GNU Free Documentation License, Version 1.2

- User documentation for MachineInt
- Maintainer documentation for MachineInt
- Bugs, Shortcomings and other ideas
- Main changes

The class `MachineInt`

is intended to help you write functions which
accept arguments whose type is a machine integer (see **Why?** below).
We recommend that you use `MachineInt`

only to specify function
argument types; other uses may result in disappointing performance.

You cannot perform arithmetic directly with values of type `MachineInt`

.
The primary operations are those for extracting a usable value from a
`MachineInt`

object:

Arithmetic directly with `MachineInt`

values is not possible. The
value(s) must be converted to `long`

or `unsigned long`

before
operating on them.

`IsZero(n)`

-- true iff`n`

is zero`IsOne(n)`

-- true iff`n`

is one`IsMinusOne(n)`

-- true iff`n`

is minus one`IsNegative(n)`

-- true iff`n`

is negative, if false the value can be extracted as an`unsigned long`

, if true the value can be extracted as a`signed long`

`IsSignedLong(n)`

-- true iff`n`

can be extracted as a`signed long`

`AsUnsignedLong(n)`

-- extract`n`

as an`unsigned long`

-- see NOTE!`AsSignedLong(n)`

-- extract`n`

as a`signed long`

-- see NOTE!`IsInRange(lo,x,hi)`

-- true iff`lo`

<=`x`

<=`hi`

`negate(n)`

-- return`-n`

as an`unsigned long`

(valid only if`IsNegative(n)`

)`uabs(n)`

-- return`abs(n)`

as an`unsigned long`

You should not call `AsUnsignedLong`

if the value is negative, nor should
you call `AsSignedLong`

if the value is large and positive --- currently, an
error is signalled only if debugging is active. Here's an outline of the
recommended usage:

void SomeProcedure(const MachineInt& n) { if (IsNegative(n)) { const long N = AsSignedLong(n); ... } else // n is non-negative { const unsigned long N = AsUnsignedLong(n); ... } }

The class `MachineInt`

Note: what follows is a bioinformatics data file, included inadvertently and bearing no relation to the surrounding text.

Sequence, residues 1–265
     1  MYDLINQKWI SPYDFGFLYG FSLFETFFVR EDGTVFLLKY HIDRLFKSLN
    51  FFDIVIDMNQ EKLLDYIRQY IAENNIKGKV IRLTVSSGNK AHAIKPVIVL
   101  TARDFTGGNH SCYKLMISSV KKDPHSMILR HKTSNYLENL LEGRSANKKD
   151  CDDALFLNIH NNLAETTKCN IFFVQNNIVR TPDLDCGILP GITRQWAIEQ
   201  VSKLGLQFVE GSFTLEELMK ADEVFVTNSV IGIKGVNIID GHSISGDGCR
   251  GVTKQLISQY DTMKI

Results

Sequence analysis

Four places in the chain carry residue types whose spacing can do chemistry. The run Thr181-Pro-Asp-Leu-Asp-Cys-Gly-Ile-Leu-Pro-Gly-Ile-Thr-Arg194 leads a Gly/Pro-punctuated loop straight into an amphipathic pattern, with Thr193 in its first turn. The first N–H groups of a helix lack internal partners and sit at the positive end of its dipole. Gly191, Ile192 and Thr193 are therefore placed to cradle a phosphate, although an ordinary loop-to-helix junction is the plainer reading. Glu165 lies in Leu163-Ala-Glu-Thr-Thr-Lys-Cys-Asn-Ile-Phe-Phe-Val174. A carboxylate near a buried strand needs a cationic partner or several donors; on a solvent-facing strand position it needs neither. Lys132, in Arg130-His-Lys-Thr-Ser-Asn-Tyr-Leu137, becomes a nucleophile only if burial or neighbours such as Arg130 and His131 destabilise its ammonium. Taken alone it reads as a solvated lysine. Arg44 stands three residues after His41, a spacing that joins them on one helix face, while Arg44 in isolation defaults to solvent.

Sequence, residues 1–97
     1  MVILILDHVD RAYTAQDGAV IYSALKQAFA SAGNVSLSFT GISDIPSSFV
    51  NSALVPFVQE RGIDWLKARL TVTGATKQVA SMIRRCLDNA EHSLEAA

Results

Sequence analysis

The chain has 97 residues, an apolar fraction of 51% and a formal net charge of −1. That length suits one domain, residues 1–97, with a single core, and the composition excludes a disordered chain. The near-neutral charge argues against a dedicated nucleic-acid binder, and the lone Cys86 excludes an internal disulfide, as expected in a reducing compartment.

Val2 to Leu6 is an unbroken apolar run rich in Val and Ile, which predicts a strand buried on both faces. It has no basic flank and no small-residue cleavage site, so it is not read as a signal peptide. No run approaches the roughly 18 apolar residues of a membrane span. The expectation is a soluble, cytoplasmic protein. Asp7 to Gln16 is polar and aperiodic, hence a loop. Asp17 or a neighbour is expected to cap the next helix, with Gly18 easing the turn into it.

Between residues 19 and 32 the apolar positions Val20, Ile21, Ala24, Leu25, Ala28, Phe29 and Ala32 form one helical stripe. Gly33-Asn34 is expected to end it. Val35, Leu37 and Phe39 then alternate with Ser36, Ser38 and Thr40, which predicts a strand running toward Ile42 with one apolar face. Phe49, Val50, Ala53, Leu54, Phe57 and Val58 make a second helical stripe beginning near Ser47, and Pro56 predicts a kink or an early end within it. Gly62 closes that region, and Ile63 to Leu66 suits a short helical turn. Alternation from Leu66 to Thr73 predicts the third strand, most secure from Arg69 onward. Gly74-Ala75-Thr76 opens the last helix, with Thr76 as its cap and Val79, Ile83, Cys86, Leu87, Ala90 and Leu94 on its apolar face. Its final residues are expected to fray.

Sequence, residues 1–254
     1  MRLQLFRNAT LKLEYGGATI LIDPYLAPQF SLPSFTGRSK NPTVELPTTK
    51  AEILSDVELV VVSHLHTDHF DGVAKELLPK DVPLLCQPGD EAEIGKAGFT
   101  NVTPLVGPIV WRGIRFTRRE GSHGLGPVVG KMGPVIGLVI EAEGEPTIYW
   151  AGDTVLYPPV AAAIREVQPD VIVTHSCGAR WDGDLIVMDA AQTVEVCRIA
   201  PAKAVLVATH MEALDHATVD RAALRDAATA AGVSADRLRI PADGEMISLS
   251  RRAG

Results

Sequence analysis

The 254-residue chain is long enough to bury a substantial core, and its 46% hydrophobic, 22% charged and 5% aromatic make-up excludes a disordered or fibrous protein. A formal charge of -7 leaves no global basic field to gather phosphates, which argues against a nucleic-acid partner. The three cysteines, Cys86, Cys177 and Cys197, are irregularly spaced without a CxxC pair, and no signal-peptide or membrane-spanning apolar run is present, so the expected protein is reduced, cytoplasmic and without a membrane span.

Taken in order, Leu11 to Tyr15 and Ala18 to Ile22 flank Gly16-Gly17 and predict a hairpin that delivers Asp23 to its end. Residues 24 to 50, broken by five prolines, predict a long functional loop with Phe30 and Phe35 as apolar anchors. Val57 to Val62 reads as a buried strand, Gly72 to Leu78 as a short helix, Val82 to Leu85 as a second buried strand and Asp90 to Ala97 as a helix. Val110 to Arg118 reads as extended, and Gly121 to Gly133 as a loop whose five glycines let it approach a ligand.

was created in an attempt to circumvent C++'s
innate automatic conversions between the various integral types; most
particularly the silent conversion of negative signed values into unsigned
ones (which necessarily changes the value).

Various C++ programming style guides recommend avoiding unsigned integer types. Unfortunately values of such types appear frequently as the result of various counting functions in the STL. So it is somewhat impractical to avoid unsigned values completely.

The class `MachineInt`

employs automatic user-defined conversions to
force all integral values into the largest integral type, *viz.* `long`

or
`unsigned long`

. An extra "sign bit" inside a `MachineInt`

indicates
whether the value is negative (*i.e.* must be regarded as a `signed long`

).

Passing an argument as a `MachineInt`

is surely not as fast as using a
built in integral type, but should avoid "nasty surprises" which can
arise with C++'s automatic conversions (*e.g.* a large `unsigned long`

could
be viewed as a negative `long`

).

On the whole everything is very simple; the hard part was establishing a reasonable design that interoperates with C++'s overload resolution rules.

An object of type `MachineInt`

contains two data fields:

`myValue`

-- the original integer value converted to`unsigned long`

`IamNegative`

-- true iff the original value was (signed and) negative

The flag `IamNegative`

allows the field `myValue`

to be
interpreted correctly: if `IamNegative`

is `true`

then the correct
value of `myValue`

may be obtained by casting it to a (signed)
`long`

; conversely, if `IamNegative`

is `false`

then the value
of `myValue`

is correct as it stands (*i.e.* as an `unsigned long`

).

Most functions are so simple that an inline implementation is appropriate.

The implementation of the function `abs`

will work correctly even if
the value being represented is the most negative `signed long`

.
Note that the C++ standard allows the system to produce an error when
negating a `long`

whose value is the most negative representable
value; in contrast, operations on `unsigned long`

values will never
produce errors (except division by zero).

The impl of `IsInRange`

is a bit involved; it must avoid overflow,
and may not assume anything about the internal representations of
signed and unsigned long values.

My biggest doubt is whether this is really the right way to tackle the
problem of silent automatic conversion between `long`

and `unsigned long`

.
Anyway, I'm using it (until a better solution comes along).

Arg validity checking happens only if debugging is active.

This will require changes when `long long int`

becomes commonplace.

**2015**

- October (v0.99540): changed name
`abs`

to`uabs`

; added fn`negate`

.**2011** - November (v0.9949): this class was previously called MachineInteger